Just stumbled upon (via sarazarr) Laurel Snyder’s article Where the Wild Things Aren’t–on the lack of contemporary, relevant, even edgy and funny Jewish children’s books. This is something several of us have been talking about online lately (looks around for rachelmanija), and it’s come up before.
This was especially troubling in light of a comment one of my (non-Jewish) Scouts had made when I brought my Menorah to a meeting so we could light it during Hanukah. “Looking at that makes me so sad,” she said. “Because it reminds me of Anne Frank.” I loved the diary of Anne Frank, and think there are things we all need to remember … but I began to worry that we were teaching Jews and non-Jewish children alike that this was the total sum of Jewish experience–when my own Jewish experience isn’t just or even mostly about death and our grim obligation to remember it, but about so much of joy and life and light. Most Jews I know, at least from my generation onwards, would say the same. Why aren’t we showing all that more in our Jewish fiction?
Snyder found more of a range than I did at that book fair when she looked, but she noticed something else just as problematic:
Most books for young Jewish readers are instructional. They have titles like, Purim Goodies or It’s Israel’s Birthday! and they’re intended to educate kids about specific customs, traditions, events, and places.
The children’s book writing community does struggle with the societal notion that every book for a child has to be overtly good for them, and with conveying that kids have the right to books that are just for fun, too. But I’m beginning to wonder if in the Jewish community and those of us who are Jewish writers have been less successful in making edutainment books just one part of what’s out there.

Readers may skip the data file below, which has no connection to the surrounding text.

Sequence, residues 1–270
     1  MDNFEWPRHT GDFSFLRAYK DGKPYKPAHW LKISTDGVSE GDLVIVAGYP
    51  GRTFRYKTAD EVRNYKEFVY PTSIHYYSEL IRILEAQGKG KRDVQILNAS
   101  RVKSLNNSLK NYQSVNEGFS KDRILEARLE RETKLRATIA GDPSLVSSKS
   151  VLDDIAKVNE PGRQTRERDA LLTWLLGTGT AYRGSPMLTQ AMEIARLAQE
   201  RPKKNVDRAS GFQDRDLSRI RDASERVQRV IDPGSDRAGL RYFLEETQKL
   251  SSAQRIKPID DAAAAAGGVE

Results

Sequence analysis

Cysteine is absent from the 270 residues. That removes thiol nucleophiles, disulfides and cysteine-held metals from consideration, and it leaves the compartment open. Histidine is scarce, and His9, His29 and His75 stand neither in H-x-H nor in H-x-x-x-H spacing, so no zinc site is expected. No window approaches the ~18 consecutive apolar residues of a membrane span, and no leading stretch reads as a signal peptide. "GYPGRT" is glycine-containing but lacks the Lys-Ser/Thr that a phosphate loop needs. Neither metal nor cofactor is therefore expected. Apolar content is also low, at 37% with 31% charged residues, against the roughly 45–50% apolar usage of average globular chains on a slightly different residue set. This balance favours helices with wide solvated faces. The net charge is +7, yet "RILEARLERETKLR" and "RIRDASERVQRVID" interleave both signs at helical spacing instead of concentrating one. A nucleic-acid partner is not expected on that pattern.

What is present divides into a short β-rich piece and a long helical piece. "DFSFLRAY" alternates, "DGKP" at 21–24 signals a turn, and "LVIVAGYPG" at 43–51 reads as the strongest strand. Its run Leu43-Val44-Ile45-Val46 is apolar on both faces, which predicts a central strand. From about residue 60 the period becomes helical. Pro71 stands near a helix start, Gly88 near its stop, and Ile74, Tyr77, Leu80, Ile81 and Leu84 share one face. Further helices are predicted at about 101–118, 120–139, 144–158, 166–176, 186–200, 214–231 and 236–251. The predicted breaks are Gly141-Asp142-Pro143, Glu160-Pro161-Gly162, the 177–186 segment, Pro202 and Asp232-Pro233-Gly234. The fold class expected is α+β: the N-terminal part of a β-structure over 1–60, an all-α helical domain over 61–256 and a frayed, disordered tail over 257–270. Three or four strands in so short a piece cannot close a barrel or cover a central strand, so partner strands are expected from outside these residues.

Snyder says that after thinking about these issues for a while,
I began work on a picture book called Baxter the Kosher Pig, about how insecurity and misunderstanding once kept a little pig from finding his community. The book came out in a rush, and thrilled with the results, I quickly sent it off to an esteemed publisher of Jewish children’s books. Almost overnight I received a rejection, a kind note explaining that while the press liked my voice, and the story, and while they thought Baxter was cute and funny, the idea of a pig wanting to be kosher was too risky. They said they could not afford to “alienate their readers.” Could Baxter be something besides a pig, they wondered. No, he couldn’t. That was the point of the story.
I’ve met the “risky” problem, too–that book fair above told me not to come at first, because I “wrote supernatural books” and that “might offend the rabbis.” My own rabbi at the time was indignant, fortunately (“Offend what rabbis?” he demanded), and I got a phone call inviting me after all the day after I told him about that.
But I suspect there’s a whole community of folks like the organizer of that book fair, afraid of making waves, of moving beyond boundaries that don’t even look like boundaries outside of the community. When I published a story in an anthology of ghost stories from a Jewish press, the reviews–and the book’s marketing–made this out to be a radical and edgy sort of thing to do, publishing Jewish ghost stories. That confused me at the time–ghost stories are not exactly new. I think I understand what’s going on a little more now.
Fortunately Snyder was able to publish Baxter the Kosher Pig, by going to a secular press instead. And what Jewish kid wouldn’t want to read that? If I were six, that would beat out yet another “let’s learn all about Hanukah!” book any time. And I’d learn just as much in the end.
Anyway, good things to think about in that article–including what those of us who are Jewish writers can do to convey the range of our contemporary experiences in our stories, outside of writing books designed to teach lessons about same.
(Also, I have to say. Baxter the Kosher Pig? One of the best titles for a picture book ever, at least as far as this Jewish once-kid is concerned.)